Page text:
We continue to monitor COVID-19, flu and other respiratory viruses in our communities. Read the most current information about prevention, testing and where to go if you're sick.

COVID-19 Information

Quick Tips for Safe Storage of Breast Milk

Pumping and Storing Breast Milk

A breast pump is a great tool for a nursing mother and her baby, especially a mother that is returning to work while breastfeeding. A breast pump allows you to express milk and store it for your baby to be fed by his or her caregiver while you are away. For you and your baby’s health, it is very important to understand how to use your breast pump correctly and how to safely store your breast milk.

For more information on using a breast pump and storing breast milk, attend a breastfeeding class at Missouri Baptist, or schedule a private, individualized lactation evaluation and consultation with a lactation consultant. These private consultations are available for a nominal fee. For more information, please call our Lactation Services at (314) 996-5747.

Using a Breast Pump

Breast milk is not sterile and its anti-infective properties hinder the growth of bacteria. Still, you do not want to introduce outside bacteria unnecessarily when getting ready to pump, during the actual pumping session or when storing or transporting your breast milk. To minimize the risk of infection, consider the following:

Storing Your Breast Milk

Glass or hard plastic containers are the best storage containers for breast milk, especially if it is to be frozen and stored for weeks or months. Special storage bags designed for storage of breast milk are available from some breast pump manufacturers. Freezing may cause the seams of disposable bags created for bottle feeding to split, but double-bagging may prevent this problem. If using bags, squeeze the air from the top before sealing tightly with a twist-tie or other clamp. Fasten the clamp at least one inch beyond milk level to allow for expansion with freezing. Place storage bags upright in another container or the milk will leak.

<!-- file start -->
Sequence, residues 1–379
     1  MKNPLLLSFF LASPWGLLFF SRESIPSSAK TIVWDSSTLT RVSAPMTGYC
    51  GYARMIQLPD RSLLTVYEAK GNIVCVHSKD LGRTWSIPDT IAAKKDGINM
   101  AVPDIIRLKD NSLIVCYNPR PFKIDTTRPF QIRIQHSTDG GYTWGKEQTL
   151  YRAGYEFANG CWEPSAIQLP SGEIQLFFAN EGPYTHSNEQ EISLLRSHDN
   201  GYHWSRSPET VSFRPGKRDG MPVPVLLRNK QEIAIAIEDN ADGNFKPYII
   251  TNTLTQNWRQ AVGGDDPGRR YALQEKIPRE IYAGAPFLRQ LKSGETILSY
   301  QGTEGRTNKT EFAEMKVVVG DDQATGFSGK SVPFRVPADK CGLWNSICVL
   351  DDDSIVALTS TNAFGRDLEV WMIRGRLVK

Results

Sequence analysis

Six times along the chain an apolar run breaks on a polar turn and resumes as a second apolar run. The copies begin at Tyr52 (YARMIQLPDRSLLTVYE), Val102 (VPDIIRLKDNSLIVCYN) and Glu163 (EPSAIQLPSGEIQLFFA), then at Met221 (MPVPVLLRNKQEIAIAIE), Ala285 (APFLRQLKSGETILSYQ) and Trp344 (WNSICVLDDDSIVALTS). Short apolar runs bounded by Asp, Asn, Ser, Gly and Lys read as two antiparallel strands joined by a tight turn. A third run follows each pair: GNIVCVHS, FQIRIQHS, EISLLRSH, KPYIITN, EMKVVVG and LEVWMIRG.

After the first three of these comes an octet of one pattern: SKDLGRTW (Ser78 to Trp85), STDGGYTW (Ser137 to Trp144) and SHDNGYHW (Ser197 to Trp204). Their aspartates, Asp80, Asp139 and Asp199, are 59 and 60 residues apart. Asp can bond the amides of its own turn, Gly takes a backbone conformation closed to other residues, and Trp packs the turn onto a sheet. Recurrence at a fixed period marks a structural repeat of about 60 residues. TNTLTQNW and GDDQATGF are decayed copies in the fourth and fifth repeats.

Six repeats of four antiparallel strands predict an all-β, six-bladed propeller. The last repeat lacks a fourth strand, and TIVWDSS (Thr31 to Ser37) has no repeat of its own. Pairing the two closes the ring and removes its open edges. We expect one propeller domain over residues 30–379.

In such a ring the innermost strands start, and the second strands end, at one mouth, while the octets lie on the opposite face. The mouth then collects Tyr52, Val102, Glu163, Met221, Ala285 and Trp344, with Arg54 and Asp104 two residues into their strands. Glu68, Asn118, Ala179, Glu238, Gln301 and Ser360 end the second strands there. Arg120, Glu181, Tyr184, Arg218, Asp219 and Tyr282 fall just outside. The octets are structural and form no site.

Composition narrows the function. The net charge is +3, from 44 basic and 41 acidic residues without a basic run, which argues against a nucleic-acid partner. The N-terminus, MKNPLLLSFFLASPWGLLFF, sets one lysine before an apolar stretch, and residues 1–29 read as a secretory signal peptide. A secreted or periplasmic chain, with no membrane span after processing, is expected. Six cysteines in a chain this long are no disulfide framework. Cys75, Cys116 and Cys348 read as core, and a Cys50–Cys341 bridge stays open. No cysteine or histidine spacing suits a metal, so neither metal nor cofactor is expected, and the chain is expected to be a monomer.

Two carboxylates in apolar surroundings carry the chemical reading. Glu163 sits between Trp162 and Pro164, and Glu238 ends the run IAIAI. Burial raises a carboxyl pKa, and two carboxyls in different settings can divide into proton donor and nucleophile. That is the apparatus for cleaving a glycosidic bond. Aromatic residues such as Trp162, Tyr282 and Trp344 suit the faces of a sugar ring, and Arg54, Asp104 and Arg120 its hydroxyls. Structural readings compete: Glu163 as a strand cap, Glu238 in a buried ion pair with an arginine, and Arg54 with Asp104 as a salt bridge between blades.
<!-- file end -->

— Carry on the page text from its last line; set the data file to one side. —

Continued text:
If you pumped both breasts at once and the amount of milk obtained will fill one bottle or bag no more than two-thirds full, you may combine the contents in a single container by carefully pouring the milk from one container into the other. Store only two to four ounces per container. It is easier to thaw a second container of milk than to watch your valuable milk be poured down the drain. Label each collection container with the date and any medications you have taken.

Health Considerations When Storing Breast Milk

The following guidelines are for healthy, term infants. Storage guidelines may be different for premature or high-risk infants. Consult your baby's doctor or a lactation consultant for specific instructions.

Fresh breast milk contains the most active anti-infective properties, followed by refrigerated and then frozen breast milk.

It is best to refrigerate fresh milk when it is not going to be used within 60 minutes. The refrigerator should be at a temperature of 32 to 39 degrees Fahrenheit (0 to 4 degrees Celsius). Do not freeze breast milk for a high-risk baby when that milk has been refrigerated for more than 24 to 48 hours.

If refrigerated breast milk will not be given within one week, freeze it for later use. Breast milk can be frozen for:

  • Up to two weeks if the freezer compartment is within the refrigerator. (You must open the refrigerator door to reach the freezer with this model.)
  • Three to six months in a freezer that is part of a refrigerator unit but has a separate door.
  • Six to 12 months in a separate, -4 degrees Fahrenheit (-20 degrees Celsius) "deep" freezer.

To keep milk cool when a refrigerator is not immediately available, or to transport refrigerated or frozen milk, place it in an insulated bag or cooler with a frozen cold pack.

Find a Doctor or Make an Appointment

Our new search tool will help you choose a doctor or health care provider that is best for you or your family.

Search Now